It’s September. So what am I doing talking about estimating your income tax?
This is the time to calculate what you’re going to owe and make adjustments in your payroll withholding and estimated tax payments.
You know you’ve estimated right when you don’t pay much or get much back in a refund.
So I spent a little bit of time looking at income tax estimators online. I like the one here
You will need to know a little bit of the ‘buzz words’ to make it work, though.
Here are some of the income tax estimator basics:
All business structures, except for the C Corporation, flow through to your individual income tax return. So, if you have a business (and it’s not in a C Corporation), you’ll have to report on your personal return and that means you have to calculate using the an Individual Income Tax Estimator. That’s a fundamental piece that sometimes confuses people. Even if you have a dozen businesses, if they all flow through, you calculate your estimated taxes just as if you were a W-2 employee for someone else.
Our tax system is bracketed. As your income goes up, you move to higher brackets, but the lower ones are still in place. That’s why we talk about marginal tax rate and overall average tax rate, and the numbers will almost always be different.
Marginal tax rate: The next dollar you are taxed will be taxed at this amount.
Average tax rate: The total tax you paid divided by your taxable income.
You’d think this would be straightforward – you’re married or you’re not. But it really isn’t that simple either. If you were widowed in the year, then you can claim married status for the year. You can claim as qualified widow(er) for the next year too if you have a dependent child and had previously claimed married filing jointly.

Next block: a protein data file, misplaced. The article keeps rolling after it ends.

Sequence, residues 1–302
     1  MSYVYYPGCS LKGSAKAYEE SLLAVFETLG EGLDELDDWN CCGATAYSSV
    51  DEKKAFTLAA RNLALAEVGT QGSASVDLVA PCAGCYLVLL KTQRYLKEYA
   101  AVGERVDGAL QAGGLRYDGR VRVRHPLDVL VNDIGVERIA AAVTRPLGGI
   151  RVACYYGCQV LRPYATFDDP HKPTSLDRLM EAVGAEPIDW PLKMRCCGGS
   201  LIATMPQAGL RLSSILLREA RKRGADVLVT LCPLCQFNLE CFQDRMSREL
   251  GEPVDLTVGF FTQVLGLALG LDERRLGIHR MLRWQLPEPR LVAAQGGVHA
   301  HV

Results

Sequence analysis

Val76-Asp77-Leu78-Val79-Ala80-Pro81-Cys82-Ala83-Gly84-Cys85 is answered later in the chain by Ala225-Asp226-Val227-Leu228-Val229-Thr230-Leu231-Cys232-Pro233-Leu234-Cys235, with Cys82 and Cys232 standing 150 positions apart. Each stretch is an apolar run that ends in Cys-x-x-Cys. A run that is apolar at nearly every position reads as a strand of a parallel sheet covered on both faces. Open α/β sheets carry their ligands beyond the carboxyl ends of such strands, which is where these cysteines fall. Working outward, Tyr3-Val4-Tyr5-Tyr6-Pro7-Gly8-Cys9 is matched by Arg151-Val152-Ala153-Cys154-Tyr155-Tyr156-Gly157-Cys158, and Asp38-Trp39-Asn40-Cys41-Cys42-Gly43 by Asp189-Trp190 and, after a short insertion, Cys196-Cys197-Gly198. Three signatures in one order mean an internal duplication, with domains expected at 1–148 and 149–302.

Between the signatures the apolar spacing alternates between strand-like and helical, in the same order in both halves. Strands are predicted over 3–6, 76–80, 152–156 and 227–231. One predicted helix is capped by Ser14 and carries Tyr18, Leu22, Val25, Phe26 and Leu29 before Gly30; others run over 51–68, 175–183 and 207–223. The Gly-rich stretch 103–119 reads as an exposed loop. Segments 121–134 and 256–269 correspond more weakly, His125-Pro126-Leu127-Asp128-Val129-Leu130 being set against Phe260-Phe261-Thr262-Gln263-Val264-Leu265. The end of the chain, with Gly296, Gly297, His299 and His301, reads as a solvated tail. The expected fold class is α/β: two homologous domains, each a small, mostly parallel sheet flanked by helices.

You’ll find that married filing jointly is almost always going to result in less tax. Most people use married filing separately if there is a legal reason to keep income separate.
Unless the Bush Tax Cuts are extended, we’re going to see the marriage tax penalty come back. That means that if you and your spouse were single, you would pay less tax then you do with the same income and by being married. You can’t defeat the marriage tax penalty by filing separately.
One more item that you’ll need to determine before you can use any income tax estimator: dependents.
You may want to check with your tax advisor and/or the irs.gov website for the particulars in your case. The simple rule is that you need to provide more than half the support for an individual to claim them as a dependent. There are also rules about whether you are related to them and if they live with you. You can’t claim someone as a dependent who lives in another country.
I love using a good income tax estimator for calculating tax, but remember the answer you get is only going to be as good as information you put in. That’s where you might need to get a little expert advice.